Of course when Apple does announce the convergence of their mobile/desktop operating systems, Apple fans will cheer about how innovative and perfect it is.
        • Yeah well

          the time is not right for convergence. Not technically anyway. Leave it to Microsoft to push it before it is possible to do a good job of it.
          • Why not?

            What makes the time not right or somehow impossible to achieve?

            Will investing more time into mobile operating systems for more years make the job of convergeance easier?

            Or is this one of those arguements that end in something only being good if it is done by one specific company and any other company produces junk?
          • Metro is now being pushed heavily in media and even within TV programs.

            But, based on conversations with college students, it still appears very infrequently in the wild. Apple and Android have a solid user base. I just saw a Samsung Galaxy S II last night and it is extremely impressive and very, very fast. I could easily see the big, bright screen from about a 30 degree angle. We compared it to an Apple 4S and I like the Android much better.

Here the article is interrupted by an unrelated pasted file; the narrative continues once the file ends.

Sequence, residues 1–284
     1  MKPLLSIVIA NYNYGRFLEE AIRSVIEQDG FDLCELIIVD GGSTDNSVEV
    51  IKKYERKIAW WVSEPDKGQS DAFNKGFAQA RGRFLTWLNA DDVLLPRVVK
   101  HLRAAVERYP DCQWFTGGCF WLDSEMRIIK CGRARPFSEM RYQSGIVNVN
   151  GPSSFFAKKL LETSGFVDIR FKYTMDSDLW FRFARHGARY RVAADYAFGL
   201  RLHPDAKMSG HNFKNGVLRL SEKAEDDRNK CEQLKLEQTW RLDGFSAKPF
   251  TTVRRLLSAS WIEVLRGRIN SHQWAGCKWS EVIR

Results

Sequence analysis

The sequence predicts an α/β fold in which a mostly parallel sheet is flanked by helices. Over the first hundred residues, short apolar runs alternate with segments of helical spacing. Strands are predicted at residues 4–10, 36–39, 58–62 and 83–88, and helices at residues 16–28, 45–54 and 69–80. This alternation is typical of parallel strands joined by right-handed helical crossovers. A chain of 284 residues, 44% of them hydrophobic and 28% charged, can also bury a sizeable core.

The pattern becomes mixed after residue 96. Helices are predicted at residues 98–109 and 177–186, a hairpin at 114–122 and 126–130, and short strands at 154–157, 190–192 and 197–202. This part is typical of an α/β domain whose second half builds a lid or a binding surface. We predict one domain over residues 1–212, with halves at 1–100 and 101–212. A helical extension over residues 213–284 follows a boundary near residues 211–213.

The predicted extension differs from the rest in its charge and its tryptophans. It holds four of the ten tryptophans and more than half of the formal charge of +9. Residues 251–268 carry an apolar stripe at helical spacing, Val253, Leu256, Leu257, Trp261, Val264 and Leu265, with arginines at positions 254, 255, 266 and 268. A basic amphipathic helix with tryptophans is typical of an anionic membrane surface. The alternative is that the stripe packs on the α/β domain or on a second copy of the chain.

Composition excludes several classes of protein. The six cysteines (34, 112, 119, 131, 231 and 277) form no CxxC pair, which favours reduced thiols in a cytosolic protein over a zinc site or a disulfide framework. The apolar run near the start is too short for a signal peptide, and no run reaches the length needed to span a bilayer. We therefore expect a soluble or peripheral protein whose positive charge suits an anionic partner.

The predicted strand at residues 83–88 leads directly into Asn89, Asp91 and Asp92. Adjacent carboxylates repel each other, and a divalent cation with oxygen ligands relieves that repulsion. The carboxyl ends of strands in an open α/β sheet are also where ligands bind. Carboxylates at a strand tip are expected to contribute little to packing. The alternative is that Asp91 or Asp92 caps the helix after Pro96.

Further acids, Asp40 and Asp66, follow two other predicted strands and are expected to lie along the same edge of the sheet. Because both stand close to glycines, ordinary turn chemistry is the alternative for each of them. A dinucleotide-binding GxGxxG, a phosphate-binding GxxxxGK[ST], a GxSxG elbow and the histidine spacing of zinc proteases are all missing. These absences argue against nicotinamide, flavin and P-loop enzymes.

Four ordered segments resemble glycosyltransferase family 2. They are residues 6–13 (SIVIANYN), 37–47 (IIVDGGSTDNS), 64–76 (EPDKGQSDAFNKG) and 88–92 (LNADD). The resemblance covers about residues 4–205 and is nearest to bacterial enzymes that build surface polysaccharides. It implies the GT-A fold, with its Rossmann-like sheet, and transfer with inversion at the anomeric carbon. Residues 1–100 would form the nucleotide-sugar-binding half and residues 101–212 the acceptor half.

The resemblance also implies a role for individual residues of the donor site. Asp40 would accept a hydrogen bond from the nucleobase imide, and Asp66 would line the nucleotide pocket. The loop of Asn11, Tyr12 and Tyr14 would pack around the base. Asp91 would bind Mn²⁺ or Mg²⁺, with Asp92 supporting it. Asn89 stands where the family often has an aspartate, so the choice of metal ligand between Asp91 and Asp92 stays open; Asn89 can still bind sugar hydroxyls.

Microsoft may have a working product but part of the sales pitch for all MS products is "What anti-virus" product would you like to purchase? No one even thinks about Anti-Virus with Apple or Android.

            The discussion came up about the possibility of jail-breaking the Samsung and I advised against it due to trojans in untrusted apps.

            With Android activations running 1.3 Million per day, Microsoft has a lot of inertia to overcome and so far the V-Tech interface hasn't done much.
        • Nope

          "Also I think you are dead wrong about Apples approach to keeping desktop and mobile operating systems separate. "

          Oh how wrong you are. Apple has used single operating system from day one with OS X and iOS (iPhone OS before re-branding). The software systems as well share not just same operating system, but same core software platforms and libraries.

          With OS X and iOS, you can write a single application and then port it to another platform just by designing a new GUI for it to another device class to make the application work perfectly on that.